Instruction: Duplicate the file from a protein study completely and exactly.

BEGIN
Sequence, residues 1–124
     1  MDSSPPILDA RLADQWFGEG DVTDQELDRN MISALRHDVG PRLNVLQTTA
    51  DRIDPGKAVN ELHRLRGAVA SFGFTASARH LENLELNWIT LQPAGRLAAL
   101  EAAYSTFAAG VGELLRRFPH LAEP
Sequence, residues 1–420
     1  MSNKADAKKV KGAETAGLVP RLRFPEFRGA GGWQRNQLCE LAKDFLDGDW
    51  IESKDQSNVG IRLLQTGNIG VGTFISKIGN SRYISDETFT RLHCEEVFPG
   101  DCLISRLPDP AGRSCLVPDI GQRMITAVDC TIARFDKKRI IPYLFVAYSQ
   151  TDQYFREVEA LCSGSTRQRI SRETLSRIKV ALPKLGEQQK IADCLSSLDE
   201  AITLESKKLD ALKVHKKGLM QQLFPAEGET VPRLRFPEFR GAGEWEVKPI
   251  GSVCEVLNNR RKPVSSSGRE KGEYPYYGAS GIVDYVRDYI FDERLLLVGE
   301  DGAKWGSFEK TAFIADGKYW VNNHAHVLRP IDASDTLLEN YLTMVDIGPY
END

Sequence, residues 1–124
     1  MDSSPPILDA RLADQWFGEG DVTDQELDRN MISALRHDVG PRLNVLQTTA
    51  DRIDPGKAVN ELHRLRGAVA SFGFTASARH LENLELNWIT LQPAGRLAAL
   101  EAAYSTFAAG VGELLRRFPH LAEP
Sequence, residues 1–420
     1  MSNKADAKKV KGAETAGLVP RLRFPEFRGA GGWQRNQLCE LAKDFLDGDW
    51  IESKDQSNVG IRLLQTGNIG VGTFISKIGN SRYISDETFT RLHCEEVFPG
   101  DCLISRLPDP AGRSCLVPDI GQRMITAVDC TIARFDKKRI IPYLFVAYSQ
   151  TDQYFREVEA LCSGSTRQRI SRETLSRIKV ALPKLGEQQK IADCLSSLDE
   201  AITLESKKLD ALKVHKKGLM QQLFPAEGET VPRLRFPEFR GAGEWEVKPI
   251  GSVCEVLNNR RKPVSSSGRE KGEYPYYGAS GIVDYVRDYI FDERLLLVGE
   301  DGAKWGSFEK TAFIADGKYW VNNHAHVLRP IDASDTLLEN YLTMVDIGPY